Dr Jenny Hatley

Jenny has taught in primary schools in both the state and independent sectors for 15 years and has taught in every year group from Reception to Year 8. During this time she has been lead teacher for PSHE and Citizenship, working with senior leaders and staff teams to develop whole school curricula for PSHE and Relationships and Sex Education.

She has also worked in Sweden as Associate School Leader, working with free schools to develop whole school provision in IT and working with leaders and staff to embed provision within teaching practice and the curriculum.  Jenny has also taught in Higher Education and enjoys bringing a critical eye and research base to studies in Education.

Andy Plant

Andy first joined the University of Worcester from an Advisory role with Hereford and Worcester Education Authority, where he worked with primary and secondary schools across both counties. He originally was a member of the then, School of PE and Sports Science, lecturing on a variety of modules mostly in Physical Education and Coaching.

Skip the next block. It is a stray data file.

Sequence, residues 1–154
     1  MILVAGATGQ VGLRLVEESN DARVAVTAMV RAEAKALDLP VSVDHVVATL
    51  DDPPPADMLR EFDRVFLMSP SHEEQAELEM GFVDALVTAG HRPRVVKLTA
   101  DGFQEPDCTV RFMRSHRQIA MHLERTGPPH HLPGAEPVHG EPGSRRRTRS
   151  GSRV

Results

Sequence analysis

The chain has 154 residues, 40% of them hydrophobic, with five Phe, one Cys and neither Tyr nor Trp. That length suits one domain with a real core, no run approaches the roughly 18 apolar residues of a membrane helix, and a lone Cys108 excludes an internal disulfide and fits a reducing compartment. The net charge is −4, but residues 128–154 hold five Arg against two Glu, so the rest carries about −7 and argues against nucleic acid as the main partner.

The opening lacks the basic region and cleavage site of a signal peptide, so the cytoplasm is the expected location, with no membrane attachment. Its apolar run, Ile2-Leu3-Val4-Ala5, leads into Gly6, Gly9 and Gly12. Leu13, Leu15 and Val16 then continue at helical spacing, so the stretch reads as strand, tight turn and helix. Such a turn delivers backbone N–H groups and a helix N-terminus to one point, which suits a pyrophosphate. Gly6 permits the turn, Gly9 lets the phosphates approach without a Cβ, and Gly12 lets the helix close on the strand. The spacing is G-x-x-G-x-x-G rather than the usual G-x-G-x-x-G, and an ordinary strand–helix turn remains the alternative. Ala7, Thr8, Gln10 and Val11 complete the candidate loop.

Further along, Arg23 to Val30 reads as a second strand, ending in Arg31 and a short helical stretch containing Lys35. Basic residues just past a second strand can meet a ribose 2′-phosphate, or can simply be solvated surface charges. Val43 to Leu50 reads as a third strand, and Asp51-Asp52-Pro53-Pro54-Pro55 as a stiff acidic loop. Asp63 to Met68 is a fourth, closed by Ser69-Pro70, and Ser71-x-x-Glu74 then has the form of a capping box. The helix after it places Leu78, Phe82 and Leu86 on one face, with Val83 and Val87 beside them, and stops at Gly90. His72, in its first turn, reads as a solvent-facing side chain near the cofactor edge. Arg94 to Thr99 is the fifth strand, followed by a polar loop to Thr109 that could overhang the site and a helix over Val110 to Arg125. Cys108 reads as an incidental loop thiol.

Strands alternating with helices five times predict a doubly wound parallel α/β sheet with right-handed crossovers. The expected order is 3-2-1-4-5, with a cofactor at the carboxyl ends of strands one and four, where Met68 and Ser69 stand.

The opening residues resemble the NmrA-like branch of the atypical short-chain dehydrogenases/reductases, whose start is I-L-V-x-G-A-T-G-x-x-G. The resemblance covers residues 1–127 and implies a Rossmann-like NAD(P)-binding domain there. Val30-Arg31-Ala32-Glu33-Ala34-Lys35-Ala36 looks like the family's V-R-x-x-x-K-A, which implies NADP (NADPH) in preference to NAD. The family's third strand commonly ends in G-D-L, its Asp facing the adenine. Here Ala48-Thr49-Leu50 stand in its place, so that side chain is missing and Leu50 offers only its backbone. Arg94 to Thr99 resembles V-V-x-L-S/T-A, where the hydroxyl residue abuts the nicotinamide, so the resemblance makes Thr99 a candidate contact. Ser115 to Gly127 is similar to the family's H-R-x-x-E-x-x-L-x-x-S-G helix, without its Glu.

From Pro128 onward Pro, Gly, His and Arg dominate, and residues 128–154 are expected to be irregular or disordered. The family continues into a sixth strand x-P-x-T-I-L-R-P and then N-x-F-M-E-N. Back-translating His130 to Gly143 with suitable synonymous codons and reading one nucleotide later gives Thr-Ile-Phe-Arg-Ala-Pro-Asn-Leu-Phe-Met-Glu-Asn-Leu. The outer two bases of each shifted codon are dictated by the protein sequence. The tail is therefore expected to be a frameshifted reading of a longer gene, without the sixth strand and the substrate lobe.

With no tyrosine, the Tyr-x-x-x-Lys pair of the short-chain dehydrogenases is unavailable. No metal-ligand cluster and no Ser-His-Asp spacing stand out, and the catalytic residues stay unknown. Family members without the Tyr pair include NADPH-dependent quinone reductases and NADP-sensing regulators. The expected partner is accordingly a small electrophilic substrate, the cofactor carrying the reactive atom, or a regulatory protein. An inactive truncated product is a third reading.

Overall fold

He has taught in a number of schools and undertaken a number of roles across both primary and secondary age groups, including the role of Head of faculty in a large Secondary School and as a deputy Head Teacher in a Middle School.

Linzi McKerr

Linzi joined the University of Worcester in 2003 after a career in teaching across primary, middle and secondary schools. She worked as Assistant Head of English, within a department of 19 staff, which included staff training and development. She has always been keen to mentor student teachers on the undergraduate and post graduate routes in her classroom, and enjoyed the reflection on her professional practice that these experiences offered.

She enjoys working collaboratively with students and staff, leading into her research areas with other colleagues at the University.


Where could it take you?

The course is appropriate for individuals wanting to become primary teachers and gain QTS status in the future and also to those wanting to work with children in alternative educational contexts.